(From CLS' report "COVID-19’s Impact on Race and Housing Security Across Philadelphia: Philadelphia Renters Report")
Generocity is one of 22 news organizations producing Broke in Philly, a collaborative reporting project on solutions to poverty and the city’s push toward economic justice.
Community Legal Services of Philadelphia (CLS) commissioned COVID-19’s Impact on Race and Housing Security Across Philadelphia: Philadelphia Renters Report to identify to what extent Black and other communities of color which are experiencing high rates of COVID-19 are experiencing, or at risk of, eviction and other forms of housing instability.
43% of those surveyed lost employment due to COVID-19, and nearly 60% have lost income (or hours worked) since the pandemic began. Generocity asked Rasheedah Phillips, CLS’s managing attorney of housing policy, what else the city needs to do to aid vulnerable residents.
“Some of the solutions that focus group participants shared were on rent stabilization or rent control, forgiveness or cancellation of rental debt, housing credits or vouchers. Others also emphasized access to a livable wage as key for whenever the pandemic lifts and jobs come back,” said Phillips.
“What the report emphasizes is that we did not get here as a city overnight or over the past year,” Phillips added. “Residents who did not have access to a livable wage prior to the pandemic are those who are facing housing insecurity now and will continue to. All of these considerations are interlinked, and we must treat them as such in order to see any meaningful progress.”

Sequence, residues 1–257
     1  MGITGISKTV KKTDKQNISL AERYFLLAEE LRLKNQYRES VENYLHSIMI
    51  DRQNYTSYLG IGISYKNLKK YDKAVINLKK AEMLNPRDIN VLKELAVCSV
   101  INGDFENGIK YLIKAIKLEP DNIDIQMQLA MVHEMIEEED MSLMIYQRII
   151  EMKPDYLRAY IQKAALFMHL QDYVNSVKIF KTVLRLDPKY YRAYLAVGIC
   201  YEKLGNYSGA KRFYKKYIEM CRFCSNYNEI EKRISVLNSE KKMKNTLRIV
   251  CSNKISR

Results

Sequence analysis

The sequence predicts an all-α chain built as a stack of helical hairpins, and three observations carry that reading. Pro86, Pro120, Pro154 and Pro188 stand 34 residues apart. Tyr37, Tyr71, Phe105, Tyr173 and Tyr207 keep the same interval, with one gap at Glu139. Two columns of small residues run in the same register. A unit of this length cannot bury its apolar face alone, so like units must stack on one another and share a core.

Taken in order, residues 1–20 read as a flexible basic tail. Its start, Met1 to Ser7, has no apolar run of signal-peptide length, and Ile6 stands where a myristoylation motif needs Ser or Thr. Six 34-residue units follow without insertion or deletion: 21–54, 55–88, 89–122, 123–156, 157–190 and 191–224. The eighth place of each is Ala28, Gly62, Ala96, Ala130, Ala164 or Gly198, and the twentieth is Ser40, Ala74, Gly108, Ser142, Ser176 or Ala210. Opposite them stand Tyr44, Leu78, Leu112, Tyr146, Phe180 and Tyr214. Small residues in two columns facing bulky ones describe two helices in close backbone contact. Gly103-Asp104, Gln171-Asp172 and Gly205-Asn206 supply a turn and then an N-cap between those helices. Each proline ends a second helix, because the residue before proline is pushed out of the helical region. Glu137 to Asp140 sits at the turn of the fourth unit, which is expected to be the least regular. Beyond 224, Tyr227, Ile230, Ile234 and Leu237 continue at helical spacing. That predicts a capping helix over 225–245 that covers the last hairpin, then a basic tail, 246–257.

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About 47% of renters are concerned or very concerned about making rent and a quarter are concerned about being evicted in the next four to six months. Where does CLS recommend renters turn to for aid?
There will be another round of emergency rental assistance called Phase 4 that tenants can access beginning sometime in March. Landlords and tenants can access additional information here.
“The results confirmed what we expected about those relationships, but it was still shocking to see the numbers and maps highlighting the extent to which race, housing insecurity, and COVID-19 are connected,” Philllips said, “and data making clearer that pre-existing housing insecurity and failures to adequately address structural housing inequities left Black and brown communities more exposed to the virus.”
Phillips said it was also startling to read through the transcripts in significant detail what people have been experiencing during the pandemic.
“Often when our clients come to us, we have to focus on their immediate housing issues and needs, and there is usually not enough time to hear fuller details of what they are experiencing in their lives,” she said. “Having focus groups gave us the opportunity to learn in more detail all of the challenges that renters are experiencing in every facet of their lives — how the pandemic is impacting children, mental health, employment, relationships and more.”
People were also able to share solutions and visions for stable and healthy lives beyond the pandemic.